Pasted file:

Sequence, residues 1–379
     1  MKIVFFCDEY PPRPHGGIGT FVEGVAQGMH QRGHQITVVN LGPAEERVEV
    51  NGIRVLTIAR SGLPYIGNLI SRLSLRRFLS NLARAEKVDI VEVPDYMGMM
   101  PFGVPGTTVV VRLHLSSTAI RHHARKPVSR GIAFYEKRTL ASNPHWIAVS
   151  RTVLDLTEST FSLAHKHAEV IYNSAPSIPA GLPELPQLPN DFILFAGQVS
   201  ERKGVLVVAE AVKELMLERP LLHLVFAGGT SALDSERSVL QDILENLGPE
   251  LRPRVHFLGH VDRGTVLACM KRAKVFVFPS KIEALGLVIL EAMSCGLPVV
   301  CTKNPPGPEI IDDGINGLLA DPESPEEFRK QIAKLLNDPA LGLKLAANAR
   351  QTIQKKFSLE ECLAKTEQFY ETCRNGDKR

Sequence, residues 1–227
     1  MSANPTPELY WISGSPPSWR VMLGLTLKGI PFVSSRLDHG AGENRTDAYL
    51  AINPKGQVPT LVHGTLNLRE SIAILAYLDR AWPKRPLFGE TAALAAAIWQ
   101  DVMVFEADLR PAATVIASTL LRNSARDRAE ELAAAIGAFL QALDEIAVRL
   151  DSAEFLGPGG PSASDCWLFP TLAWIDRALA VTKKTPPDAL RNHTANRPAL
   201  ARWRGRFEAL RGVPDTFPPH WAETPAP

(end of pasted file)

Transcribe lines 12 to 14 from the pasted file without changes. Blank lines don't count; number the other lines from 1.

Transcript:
    51  AINPKGQVPT LVHGTLNLRE SIAILAYLDR AWPKRPLFGE TAALAAAIWQ
   101  DVMVFEADLR PAATVIASTL LRNSARDRAE ELAAAIGAFL QALDEIAVRL
   151  DSAEFLGPGG PSASDCWLFP TLAWIDRALA VTKKTPPDAL RNHTANRPAL